ONLY several weeks before the deadline for final bids on the sale of a majority stake in the state-run Slovenské elektrárne (SE), Economy Minister Pavol Rusko implied that there might be some new solutions to the privatisation of the country's major power producer.
So far two alternatives - the sale of a 66 percent share of all SE property and the sale of a 66 percent share of SE's non-nuclear facilities are being considered.
However, the Economy Ministry implied that merging SE with another energy company or even a tripartite exchange of stocks between Czech power producer ČEZ and Slovak and Czech national property funds might be considered.
"Right now, all alternatives are open and equal. The Economy Ministry will decide after it has thoroughly investigated and analysed the options. The decision will depend on the bids and behaviour of investors," Alexander Škurla, the spokesman of the economy minister told The Slovak Spectator.
Minister Rusko said the government might not even sell SE.
"I will not support privatisation at any price just because we want to get rid of it. It will depend on the offers," Rusko said.
Insiders suggest that the Economy Ministry wants to find space to look for solutions most appropriate and advantageous for the state.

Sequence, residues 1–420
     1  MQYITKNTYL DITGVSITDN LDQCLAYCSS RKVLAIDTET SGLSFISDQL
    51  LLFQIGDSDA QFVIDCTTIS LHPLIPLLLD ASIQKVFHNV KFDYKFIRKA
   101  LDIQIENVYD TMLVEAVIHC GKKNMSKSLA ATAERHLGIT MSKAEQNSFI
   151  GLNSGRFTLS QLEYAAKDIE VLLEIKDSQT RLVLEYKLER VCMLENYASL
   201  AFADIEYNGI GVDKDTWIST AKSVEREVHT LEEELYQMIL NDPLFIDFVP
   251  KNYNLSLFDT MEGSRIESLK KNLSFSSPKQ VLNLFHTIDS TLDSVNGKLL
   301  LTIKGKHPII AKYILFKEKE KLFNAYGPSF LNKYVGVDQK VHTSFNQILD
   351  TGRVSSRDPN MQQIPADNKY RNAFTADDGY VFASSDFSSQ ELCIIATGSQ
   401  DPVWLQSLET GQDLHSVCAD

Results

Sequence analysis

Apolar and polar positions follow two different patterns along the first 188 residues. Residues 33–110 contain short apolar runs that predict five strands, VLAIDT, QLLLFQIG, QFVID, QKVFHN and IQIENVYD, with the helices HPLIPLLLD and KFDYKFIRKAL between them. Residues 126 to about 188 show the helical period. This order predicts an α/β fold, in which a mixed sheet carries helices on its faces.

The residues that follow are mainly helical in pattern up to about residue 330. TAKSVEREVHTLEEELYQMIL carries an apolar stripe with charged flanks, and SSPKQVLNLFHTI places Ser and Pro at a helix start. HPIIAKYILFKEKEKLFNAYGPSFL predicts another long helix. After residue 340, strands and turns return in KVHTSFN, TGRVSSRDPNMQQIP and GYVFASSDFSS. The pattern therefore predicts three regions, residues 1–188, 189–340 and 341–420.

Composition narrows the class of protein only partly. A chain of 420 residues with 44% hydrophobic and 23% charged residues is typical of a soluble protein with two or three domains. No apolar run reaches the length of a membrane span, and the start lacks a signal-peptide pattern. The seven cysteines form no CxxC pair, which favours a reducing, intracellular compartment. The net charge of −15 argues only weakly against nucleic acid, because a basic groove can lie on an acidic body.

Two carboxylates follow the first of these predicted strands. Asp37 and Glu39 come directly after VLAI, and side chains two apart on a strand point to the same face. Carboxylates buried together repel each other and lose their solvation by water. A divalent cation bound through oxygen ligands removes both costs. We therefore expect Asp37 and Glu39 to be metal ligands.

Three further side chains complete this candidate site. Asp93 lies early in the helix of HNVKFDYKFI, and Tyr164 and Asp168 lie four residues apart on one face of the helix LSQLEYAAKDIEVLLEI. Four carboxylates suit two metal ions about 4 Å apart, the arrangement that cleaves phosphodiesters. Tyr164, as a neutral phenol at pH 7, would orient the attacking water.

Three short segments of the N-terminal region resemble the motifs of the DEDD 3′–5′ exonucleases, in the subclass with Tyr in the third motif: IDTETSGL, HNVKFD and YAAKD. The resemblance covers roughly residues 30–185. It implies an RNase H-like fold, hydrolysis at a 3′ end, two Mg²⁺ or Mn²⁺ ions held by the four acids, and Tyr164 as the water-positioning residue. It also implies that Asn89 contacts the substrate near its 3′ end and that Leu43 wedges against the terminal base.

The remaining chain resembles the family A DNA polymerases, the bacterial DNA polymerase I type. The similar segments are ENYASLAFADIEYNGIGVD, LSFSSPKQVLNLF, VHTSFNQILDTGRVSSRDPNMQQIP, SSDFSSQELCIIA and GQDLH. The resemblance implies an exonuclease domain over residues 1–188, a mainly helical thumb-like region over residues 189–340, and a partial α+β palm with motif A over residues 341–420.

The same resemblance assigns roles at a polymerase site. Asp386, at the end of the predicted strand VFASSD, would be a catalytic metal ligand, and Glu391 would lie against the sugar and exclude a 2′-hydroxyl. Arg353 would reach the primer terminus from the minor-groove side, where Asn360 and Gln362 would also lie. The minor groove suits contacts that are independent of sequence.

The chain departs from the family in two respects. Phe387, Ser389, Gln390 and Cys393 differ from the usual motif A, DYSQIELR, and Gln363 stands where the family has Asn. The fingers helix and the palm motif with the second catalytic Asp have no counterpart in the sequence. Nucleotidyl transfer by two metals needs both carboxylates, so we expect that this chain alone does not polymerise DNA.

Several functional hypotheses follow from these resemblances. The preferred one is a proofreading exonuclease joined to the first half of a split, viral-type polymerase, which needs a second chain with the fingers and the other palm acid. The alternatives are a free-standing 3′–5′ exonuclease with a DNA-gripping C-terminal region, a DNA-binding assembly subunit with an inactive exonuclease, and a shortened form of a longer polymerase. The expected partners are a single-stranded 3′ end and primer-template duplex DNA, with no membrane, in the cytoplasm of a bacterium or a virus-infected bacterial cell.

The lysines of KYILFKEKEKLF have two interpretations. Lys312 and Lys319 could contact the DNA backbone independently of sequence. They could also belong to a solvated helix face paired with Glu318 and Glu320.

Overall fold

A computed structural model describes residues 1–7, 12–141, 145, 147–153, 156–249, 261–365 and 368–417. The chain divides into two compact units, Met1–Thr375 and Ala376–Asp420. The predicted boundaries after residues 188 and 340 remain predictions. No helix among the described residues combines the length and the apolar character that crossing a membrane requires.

Additionally, Rusko had earlier confirmed that the date for submitting final bids, originally set for June 18, might be postponed. The ministry cited lacking energy legislation, which could be a risk for the future investors, as a reason.
"I think that Minister Pavol Rusko has signals that indicate that the interest in SE under current conditions - with the fate of stranded costs and energy legislation unclear - is not very strong. That is why he is already considering different alternatives in case the second phase of the tender for the SE sale is not successfully finished.
"However, I agree that it is a bit unpleasant and abnormal to enter the current privatisation tender with such allegations," Vladimír Dohnal, director of the company Symsite Research, told The Slovak Spectator.
The SE privatisation process, considered one of the final large-scale privatisation deals in Slovakia, started in early October in 2003 when investors were asked to present their bids. A total of 10 investors have done so.